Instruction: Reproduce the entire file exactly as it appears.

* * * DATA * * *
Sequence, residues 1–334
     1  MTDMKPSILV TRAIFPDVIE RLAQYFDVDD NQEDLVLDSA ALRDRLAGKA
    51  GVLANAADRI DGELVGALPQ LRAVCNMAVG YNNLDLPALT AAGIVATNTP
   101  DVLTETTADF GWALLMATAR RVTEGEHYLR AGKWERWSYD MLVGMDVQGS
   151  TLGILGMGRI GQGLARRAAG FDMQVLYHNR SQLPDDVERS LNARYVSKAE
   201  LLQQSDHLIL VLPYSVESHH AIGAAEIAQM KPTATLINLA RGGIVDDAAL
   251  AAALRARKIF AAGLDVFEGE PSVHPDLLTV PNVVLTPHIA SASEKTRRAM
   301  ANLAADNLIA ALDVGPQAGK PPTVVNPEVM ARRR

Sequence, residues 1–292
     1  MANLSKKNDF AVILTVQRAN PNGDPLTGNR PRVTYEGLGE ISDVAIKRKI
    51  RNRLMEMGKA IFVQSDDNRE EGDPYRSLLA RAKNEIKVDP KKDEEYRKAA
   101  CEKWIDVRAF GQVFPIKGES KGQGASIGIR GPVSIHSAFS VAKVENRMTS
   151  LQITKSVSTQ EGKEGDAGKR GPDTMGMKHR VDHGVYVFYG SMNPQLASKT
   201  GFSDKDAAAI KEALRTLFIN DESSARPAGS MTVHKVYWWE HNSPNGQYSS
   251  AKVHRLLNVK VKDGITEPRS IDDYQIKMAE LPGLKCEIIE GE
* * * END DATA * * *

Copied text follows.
Sequence, residues 1–334
     1  MTDMKPSILV TRAIFPDVIE RLAQYFDVDD NQEDLVLDSA ALRDRLAGKA
    51  GVLANAADRI DGELVGALPQ LRAVCNMAVG YNNLDLPALT AAGIVATNTP
   101  DVLTETTADF GWALLMATAR RVTEGEHYLR AGKWERWSYD MLVGMDVQGS
   151  TLGILGMGRI GQGLARRAAG FDMQVLYHNR SQLPDDVERS LNARYVSKAE
   201  LLQQSDHLIL VLPYSVESHH AIGAAEIAQM KPTATLINLA RGGIVDDAAL
   251  AAALRARKIF AAGLDVFEGE PSVHPDLLTV PNVVLTPHIA SASEKTRRAM
   301  ANLAADNLIA ALDVGPQAGK PPTVVNPEVM ARRR

Sequence, residues 1–292
     1  MANLSKKNDF AVILTVQRAN PNGDPLTGNR PRVTYEGLGE ISDVAIKRKI
    51  RNRLMEMGKA IFVQSDDNRE EGDPYRSLLA RAKNEIKVDP KKDEEYRKAA
   101  CEKWIDVRAF GQVFPIKGES KGQGASIGIR GPVSIHSAFS VAKVENRMTS
   151  LQITKSVSTQ EGKEGDAGKR GPDTMGMKHR VDHGVYVFYG SMNPQLASKT
   201  GFSDKDAAAI KEALRTLFIN DESSARPAGS MTVHKVYWWE HNSPNGQYSS
   251  AKVHRLLNVK VKDGITEPRS IDDYQIKMAE LPGLKCEIIE GE